International trade rules

Export controls

What export controls limit international trade in defence and security articles? Who administers them?

There is no home-grown defence industry in Qatar to date, and therefore no export of locally manufactured weapons. Export control regulations from the defence suppliers’ countries of origin usually contain restrictions on the ability for a state client to re-export equipment to other countries. Each force purchasing foreign equipment will be in charge of managing its export control obligations.

Domestic preferences

What domestic preferences are applied to defence and security procurements? Can a foreign contractor bid on a procurement directly?

The preference is to contract directly with a foreign contractor who will set up a branch office to perform the local part of the contract. However, there are recent examples where the Qatar armed forces request the incorporation of a subsidiary with a designated joint venture partner. See ‘Update and trends’ regarding developments on Barzan Holdings.

Favourable treatment

Are certain treaty partners treated more favourably?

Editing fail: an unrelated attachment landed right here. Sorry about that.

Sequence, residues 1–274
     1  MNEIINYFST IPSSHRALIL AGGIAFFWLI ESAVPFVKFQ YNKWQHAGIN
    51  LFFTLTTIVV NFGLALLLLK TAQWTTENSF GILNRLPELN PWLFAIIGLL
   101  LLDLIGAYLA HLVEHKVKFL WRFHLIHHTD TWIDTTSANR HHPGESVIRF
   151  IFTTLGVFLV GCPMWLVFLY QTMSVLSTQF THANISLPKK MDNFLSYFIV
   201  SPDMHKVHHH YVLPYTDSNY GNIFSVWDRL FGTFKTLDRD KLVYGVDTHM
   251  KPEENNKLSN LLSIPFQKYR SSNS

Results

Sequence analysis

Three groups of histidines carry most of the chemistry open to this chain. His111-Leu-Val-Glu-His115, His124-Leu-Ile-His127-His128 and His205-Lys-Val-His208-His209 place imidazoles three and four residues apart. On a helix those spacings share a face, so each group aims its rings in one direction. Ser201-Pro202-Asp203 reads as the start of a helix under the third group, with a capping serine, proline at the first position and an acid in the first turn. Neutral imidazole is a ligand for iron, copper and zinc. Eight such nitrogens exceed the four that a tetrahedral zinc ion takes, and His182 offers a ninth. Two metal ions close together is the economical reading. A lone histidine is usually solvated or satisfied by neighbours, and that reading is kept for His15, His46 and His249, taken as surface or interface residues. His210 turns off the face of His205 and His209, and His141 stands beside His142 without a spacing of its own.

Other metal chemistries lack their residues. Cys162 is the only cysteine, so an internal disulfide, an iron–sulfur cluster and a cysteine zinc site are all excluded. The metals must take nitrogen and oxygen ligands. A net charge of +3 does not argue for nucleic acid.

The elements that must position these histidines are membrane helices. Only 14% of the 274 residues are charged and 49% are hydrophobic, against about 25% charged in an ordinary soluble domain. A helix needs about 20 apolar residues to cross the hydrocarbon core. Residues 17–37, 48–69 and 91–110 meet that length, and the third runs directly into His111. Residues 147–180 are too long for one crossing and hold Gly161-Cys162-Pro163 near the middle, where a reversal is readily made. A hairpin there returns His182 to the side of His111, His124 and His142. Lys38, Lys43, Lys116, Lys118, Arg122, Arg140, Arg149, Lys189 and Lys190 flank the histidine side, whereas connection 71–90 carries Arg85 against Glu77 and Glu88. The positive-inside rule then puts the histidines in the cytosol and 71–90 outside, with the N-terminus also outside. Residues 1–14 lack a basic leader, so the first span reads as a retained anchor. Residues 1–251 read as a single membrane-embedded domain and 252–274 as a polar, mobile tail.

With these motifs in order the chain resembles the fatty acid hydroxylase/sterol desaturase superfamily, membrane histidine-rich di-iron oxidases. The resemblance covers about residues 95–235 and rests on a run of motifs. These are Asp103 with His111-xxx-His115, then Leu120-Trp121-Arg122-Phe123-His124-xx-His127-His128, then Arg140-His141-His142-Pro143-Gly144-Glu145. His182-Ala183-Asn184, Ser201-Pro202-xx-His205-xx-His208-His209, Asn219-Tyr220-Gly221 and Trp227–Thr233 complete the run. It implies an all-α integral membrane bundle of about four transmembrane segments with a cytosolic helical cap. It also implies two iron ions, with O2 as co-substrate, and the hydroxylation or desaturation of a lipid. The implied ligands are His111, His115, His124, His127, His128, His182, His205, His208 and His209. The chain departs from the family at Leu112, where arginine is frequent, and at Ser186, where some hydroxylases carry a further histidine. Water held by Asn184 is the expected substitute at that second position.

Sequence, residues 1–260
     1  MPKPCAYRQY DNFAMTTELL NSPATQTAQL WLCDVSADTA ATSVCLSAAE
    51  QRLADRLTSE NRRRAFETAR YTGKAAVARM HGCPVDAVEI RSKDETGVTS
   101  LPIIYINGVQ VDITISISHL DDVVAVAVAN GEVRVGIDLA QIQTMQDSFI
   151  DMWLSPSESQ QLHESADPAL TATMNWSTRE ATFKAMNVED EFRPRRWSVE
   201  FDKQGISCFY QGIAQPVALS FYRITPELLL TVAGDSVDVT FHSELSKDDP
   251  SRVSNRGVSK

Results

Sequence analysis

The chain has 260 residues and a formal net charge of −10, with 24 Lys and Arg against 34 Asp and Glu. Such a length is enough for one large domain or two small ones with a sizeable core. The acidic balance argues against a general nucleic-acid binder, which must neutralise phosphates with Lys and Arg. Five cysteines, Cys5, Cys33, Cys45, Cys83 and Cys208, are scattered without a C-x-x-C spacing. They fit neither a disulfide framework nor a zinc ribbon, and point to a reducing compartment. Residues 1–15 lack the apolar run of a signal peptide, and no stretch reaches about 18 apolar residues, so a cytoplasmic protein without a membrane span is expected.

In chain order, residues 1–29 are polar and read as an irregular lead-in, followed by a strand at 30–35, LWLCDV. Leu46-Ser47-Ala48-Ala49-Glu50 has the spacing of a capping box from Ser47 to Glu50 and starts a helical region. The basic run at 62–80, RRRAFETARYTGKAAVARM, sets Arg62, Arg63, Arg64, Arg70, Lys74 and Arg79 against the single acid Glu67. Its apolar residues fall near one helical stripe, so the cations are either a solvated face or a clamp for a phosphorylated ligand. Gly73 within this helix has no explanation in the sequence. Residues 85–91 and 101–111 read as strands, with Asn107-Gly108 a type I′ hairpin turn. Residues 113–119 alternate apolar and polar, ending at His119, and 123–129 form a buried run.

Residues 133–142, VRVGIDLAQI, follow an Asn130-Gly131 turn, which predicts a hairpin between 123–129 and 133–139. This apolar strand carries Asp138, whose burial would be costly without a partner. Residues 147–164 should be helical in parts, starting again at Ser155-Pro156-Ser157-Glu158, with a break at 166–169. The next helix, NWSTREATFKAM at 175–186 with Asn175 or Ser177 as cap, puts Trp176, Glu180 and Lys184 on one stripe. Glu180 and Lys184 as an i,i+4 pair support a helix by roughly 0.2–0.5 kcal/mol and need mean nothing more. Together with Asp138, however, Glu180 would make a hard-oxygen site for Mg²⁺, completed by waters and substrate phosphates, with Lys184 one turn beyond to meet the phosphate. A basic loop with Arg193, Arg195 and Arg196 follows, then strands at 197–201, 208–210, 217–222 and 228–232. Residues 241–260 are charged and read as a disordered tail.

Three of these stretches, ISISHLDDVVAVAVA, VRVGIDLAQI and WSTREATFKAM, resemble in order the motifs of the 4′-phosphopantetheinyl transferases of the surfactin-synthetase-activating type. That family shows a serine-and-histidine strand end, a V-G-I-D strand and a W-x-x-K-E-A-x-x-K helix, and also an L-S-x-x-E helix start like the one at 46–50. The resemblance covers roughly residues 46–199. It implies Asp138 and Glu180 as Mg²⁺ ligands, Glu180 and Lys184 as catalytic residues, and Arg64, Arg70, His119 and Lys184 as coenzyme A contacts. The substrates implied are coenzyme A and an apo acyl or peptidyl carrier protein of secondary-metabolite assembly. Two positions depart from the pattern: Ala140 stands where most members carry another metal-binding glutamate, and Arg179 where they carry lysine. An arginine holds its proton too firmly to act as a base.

Qatar has signed defence cooperation treaties with a number of countries, the two main partners being the United States and France. In particular, there is a SOFA (Status of Forces Agreement) between the United States and Qatar to serve as a legal basis for the presence of a large US military base in Qatar. However, Qatar tends to diversify its alliances and has recently signed a defence cooperation agreement with Turkey. The existence of such defence treaties tends to signal a strategic relationship. Yet, to the best of our knowledge, the treaties do not grant any more favourable treatment from a commercial or legal perspective when it comes to buying equipment.


Are there any boycotts, embargoes or other trade sanctions between this jurisdiction and others?

Qatar has issued the Qatar Israeli Boycott Law No. 13 of 1963. This law is still in effect and has not been formally amended. The effect of the law is that it prohibits any commercial dealings with Israeli citizens or persons directly or indirectly, which would include any such persons exercising any contractual rights under contracts. In addition, sanctions implemented by Qatar from time to time should be assessed, which can affect transfers or payments with relevant countries, or certain entities or individuals within those countries. See ‘Update and trends’ regarding the current Gulf crisis.

Trade offsets

Are defence trade offsets part of this country’s defence and security procurement regime? How are they administered?

There is no formal defence offset regime in Qatar, but we have seen some recent examples where delivering some added value locally (beyond maintenance and training) was considered favourably by the Qatar armed forces. See ‘Update and trends’ regarding developments on Barzan Holdings.